How is indoor air quality during sleep? A review of field studies
Title: How is indoor air quality during sleep? A review of field studies
Authors: Canha N., Teixeira C., Figueira M., Correia C.
This review aimed to provide an overview of the characterisation of indoor air quality (IAQ) during the sleeping period, based only on real life conditions’ studies where, at least, one air pollutant was considered. Despite the consensual complexity of indoor air, when focusing on sleeping environments, the available scientific literature is still scarce and falls to provide a multipollutants’ characterisation of the air breathed during sleep. This review, following PRISMA’s approach, identified a total of 22 studies that provided insights of how IAQ is during the sleeping period in real life conditions. Most of studies focused on carbon dioxide (77%), followed by particles (PM2.5, PM10 and ultrafines) and only 18% of the studies focused on pollutants such as carbon monoxide, volatile organic compounds and formaldehyde. Despite the high heterogeneity between studies (regarding the geographical area, type of surrounding environments, season of the year, type of dwelling, bedrooms’ ventilation, number of occupants), several air pollutants showed exceedances of the limit values established by guidelines or legislation, indicating that an effort should be made in order to minimise human exposure to air pollutants. For instance, when considering the air quality guideline of World Health Organisation of 10 µg·m−3 for PM2.5, 86% of studies that focused this pollutant registered levels above this threshold. Considering that people spend one third of their day sleeping, exposure during this period may have a significant impact on the daily integrated human exposure, due to the higher amount of exposure time, even if this environment is characterised by lower pollutants’ levels. Improving the current knowledge of air pollutants levels during sleep in different settings, as well as in different countries, will allow to improve the accuracy of exposure assessments and will also allow to understand their main drivers and how to tackle them.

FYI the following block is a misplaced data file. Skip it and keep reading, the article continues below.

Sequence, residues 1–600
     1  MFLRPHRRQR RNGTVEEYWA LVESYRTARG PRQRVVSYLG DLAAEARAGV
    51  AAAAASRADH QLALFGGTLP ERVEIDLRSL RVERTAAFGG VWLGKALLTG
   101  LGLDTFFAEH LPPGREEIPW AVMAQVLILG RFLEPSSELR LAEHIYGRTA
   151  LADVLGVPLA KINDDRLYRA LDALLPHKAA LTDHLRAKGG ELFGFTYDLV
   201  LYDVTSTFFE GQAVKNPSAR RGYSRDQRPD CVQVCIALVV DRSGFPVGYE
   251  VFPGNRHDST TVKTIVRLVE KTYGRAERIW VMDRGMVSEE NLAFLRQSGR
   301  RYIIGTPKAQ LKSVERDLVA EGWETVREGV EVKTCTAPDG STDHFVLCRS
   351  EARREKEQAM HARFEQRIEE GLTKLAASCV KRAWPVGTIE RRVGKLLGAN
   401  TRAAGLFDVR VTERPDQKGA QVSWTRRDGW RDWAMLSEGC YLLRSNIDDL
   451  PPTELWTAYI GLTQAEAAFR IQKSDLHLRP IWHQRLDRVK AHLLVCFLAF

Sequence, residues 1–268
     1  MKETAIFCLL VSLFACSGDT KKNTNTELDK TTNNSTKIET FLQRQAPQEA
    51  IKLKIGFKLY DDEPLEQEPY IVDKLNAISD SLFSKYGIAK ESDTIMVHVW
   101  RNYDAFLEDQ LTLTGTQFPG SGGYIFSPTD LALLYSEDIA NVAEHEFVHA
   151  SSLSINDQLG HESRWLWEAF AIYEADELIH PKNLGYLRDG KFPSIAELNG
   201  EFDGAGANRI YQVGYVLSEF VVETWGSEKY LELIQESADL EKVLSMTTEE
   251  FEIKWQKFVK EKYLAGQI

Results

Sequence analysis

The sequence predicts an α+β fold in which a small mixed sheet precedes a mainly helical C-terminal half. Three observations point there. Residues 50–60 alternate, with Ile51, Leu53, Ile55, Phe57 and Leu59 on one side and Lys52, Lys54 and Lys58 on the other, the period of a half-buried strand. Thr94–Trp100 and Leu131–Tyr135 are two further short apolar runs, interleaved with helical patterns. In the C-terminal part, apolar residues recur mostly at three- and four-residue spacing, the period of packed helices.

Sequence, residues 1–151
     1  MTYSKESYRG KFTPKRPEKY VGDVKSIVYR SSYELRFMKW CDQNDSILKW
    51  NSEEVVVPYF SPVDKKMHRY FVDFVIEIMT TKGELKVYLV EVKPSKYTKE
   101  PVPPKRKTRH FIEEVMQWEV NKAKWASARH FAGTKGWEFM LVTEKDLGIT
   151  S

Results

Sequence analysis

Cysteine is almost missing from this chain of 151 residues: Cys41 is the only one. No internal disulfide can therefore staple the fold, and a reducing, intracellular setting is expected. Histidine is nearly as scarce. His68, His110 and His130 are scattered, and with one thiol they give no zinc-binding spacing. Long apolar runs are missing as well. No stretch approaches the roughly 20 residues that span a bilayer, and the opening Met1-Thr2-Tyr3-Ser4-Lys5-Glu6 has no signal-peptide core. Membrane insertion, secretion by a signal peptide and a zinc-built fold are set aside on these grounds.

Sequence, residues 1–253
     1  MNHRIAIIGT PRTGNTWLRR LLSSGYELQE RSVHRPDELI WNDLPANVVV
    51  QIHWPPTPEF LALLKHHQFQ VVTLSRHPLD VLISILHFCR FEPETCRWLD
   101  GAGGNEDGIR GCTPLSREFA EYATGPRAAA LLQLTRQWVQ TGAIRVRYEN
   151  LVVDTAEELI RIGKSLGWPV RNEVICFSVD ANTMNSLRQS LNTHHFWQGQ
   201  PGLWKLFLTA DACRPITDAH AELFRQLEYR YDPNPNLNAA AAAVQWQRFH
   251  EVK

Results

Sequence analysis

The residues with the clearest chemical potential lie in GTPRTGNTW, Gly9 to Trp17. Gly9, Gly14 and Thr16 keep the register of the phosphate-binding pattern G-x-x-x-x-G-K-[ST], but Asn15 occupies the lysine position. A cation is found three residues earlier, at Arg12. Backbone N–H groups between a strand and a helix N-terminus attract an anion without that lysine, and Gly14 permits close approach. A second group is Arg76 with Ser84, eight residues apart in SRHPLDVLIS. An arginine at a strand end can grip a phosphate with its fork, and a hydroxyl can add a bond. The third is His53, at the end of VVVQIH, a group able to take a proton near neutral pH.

Type of publication: Scientific article published at Atmosphere (Open access)
How to cite: Canha N., Teixeira C., Figueira M., Correia C. (2021) How Is Indoor Air Quality during Sleep? A Review of Field Studies. Atmosphere. 2021; 12(1):110. DOI: 10.3390/atmos12010110
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